The SW Summary: Key messages from the Future of Wine conference, Loire commits to organic, Sonoma goes hi-tech, and climate change at ProWein

By Hanna Halmari

Wine producers in Loire Valley “will not stop doing things the organic way”

So says Benoit Amirault, winemaker at Domaine Yannick Amirault in Bourgeuil, quoted by Edith Hancock in this article in The Drinks Business. Benoit tells Hancock that climate change is the region’s biggest challenge, with some estates having “lost as much as 60% of their crops this year.” Hancock points out that despite the increased difficulty of practicing sustainable viticulture in Loire compared to other regions in France, “the Loire’s small producers are championing sustainability.” 

The Loire wine region is highly diverse. Total area production is composed of white, rose, red and sparkling wines at 41%, 24%, 21% and 14% respectively, as reported by Hancock. Certified organic wineries cover over a fourth of the region and this figure is expected to grow over the coming years. The article quotes Sylvain Naulin, director of the industry body Interloire, who says “it’s a lot of noise from a small proportion.” Naulin also “predicts the global [organic] trend will become even more important in the region as more producers swap from applying pesticides to copper in their vineyards.”

However, Hancock notes how the switch to copper is not necessarily sufficient. Copper, a toxic metal, poses its own environmental issues of water and soil contamination. The article states how “many producers in other parts of France, like Champagne, believe eliminating the use of copper as a fungicide in vineyards will be the biggest issue for the wine business over the next 10 years.”

Organic wineries are therefore experimenting with alternative methods to protect their vines without using copper. The article shares the fantastic example of Château Pierre-Bise’s innovative power-steamer. Built from duct tape and lawn mower parts, the estate uses the steamer to “kill harmful microbes that could infect the grapes with mildew, but leaves the fruit itself unscathed.” Whilst currently still a prototype, Claude Papin, owner of Château Pierre-Bise, tells Hancock he expects the machine to be in daily by 2021.

Climate change takes center stage as key theme at upcoming ProWein 2020

Lisa Riley for Harpers reports how ProWein, the world’s largest industry meeting for wine professionals, will explore key sustainability issues in next year’s conference. Taking place across 15-17 March 2020, the three day trade fair will cover sustainability topics including “how winegrowers are reacting to changing weather conditions and coping with higher temperatures and longer dry spells, and if vine portfolios are changing in the wine growing regions affected by climate change.”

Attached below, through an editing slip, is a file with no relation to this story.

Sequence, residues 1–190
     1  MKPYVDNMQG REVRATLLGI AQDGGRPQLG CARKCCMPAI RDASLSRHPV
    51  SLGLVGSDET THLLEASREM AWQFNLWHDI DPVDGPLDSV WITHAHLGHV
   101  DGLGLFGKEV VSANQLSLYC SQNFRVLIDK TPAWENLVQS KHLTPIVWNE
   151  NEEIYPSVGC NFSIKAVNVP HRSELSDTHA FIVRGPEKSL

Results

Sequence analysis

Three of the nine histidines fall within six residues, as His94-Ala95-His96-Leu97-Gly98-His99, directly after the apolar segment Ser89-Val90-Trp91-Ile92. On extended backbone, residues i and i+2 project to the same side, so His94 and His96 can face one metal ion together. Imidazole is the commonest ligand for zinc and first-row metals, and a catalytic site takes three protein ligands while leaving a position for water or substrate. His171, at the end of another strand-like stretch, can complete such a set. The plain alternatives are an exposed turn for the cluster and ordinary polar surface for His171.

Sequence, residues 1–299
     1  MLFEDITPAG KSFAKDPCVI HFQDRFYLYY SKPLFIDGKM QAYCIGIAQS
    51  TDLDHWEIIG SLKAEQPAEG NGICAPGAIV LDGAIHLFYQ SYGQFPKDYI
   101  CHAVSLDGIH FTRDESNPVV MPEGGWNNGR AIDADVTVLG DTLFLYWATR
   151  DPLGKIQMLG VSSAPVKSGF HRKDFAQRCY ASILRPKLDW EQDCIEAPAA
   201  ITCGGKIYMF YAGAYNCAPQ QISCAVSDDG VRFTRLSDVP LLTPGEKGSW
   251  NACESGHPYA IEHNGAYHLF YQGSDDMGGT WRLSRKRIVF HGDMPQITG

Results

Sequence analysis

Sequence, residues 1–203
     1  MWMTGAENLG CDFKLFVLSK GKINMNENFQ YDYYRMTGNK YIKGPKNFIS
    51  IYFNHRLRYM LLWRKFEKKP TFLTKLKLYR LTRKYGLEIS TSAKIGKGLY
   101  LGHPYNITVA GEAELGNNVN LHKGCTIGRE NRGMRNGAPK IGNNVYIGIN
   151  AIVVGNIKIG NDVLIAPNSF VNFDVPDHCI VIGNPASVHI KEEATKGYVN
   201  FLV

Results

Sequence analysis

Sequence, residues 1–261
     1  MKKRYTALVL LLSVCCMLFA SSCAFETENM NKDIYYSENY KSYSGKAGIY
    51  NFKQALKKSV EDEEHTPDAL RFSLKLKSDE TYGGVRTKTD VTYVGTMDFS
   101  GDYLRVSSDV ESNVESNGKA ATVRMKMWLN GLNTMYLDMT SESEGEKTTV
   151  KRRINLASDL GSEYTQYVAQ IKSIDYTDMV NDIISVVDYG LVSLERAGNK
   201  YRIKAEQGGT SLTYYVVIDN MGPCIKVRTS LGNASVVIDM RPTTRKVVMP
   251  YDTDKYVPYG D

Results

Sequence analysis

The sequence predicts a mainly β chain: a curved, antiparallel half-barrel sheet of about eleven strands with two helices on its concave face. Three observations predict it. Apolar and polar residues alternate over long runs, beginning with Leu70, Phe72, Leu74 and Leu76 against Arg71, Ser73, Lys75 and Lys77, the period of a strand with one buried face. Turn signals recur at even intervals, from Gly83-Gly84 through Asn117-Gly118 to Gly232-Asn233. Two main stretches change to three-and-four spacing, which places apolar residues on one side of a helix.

Quoting ProWein director, Bastian Mingers: “Climate change is playing an increasingly disruptive role in the wine industry, and Prowein 2020 is paying attention.” Read more here.

Sonoma County Winegrowers use augmented reality to share sustainability message

“There is an over-saturation of ‘sustainable’ or ‘environmentally conscious’ products that are flooding marketing channels with these terms being overused, sometimes inappropriately, and many times in a judgemental manner,” reports Cathrine Todd in this article for Forbes. As a result consumers face an increasingly difficult time identifying truly sustainable products. So how can Sonoma County Winegrowers cut through the noise and share its sustainability message?  With 89% of its vineyards third-party certified sustainable, the organisation is very close to achieving its ambitious goal “to become a 100% sustainable wine region” set in 2014. Todd reports on how Sonoma has adopted an innovative approach in its use of AR, or augmented reality, to reach consumers in an engaging and powerful way.

By downloading the Sonoma County Winegrowers app, the user simply needs to scan the wine label of a participating Sonoma wine producer and the captivating AR experience comes to life (see an exemplary video here). As the article explains, the AR experience delivers two messages: first is the “message of the importance of sustainability and Sonoma’s grand goal of 100% sustainability that is within arm’s reach…the second part is a video with members of the winery…talking about what it means to [them] to be sustainable.”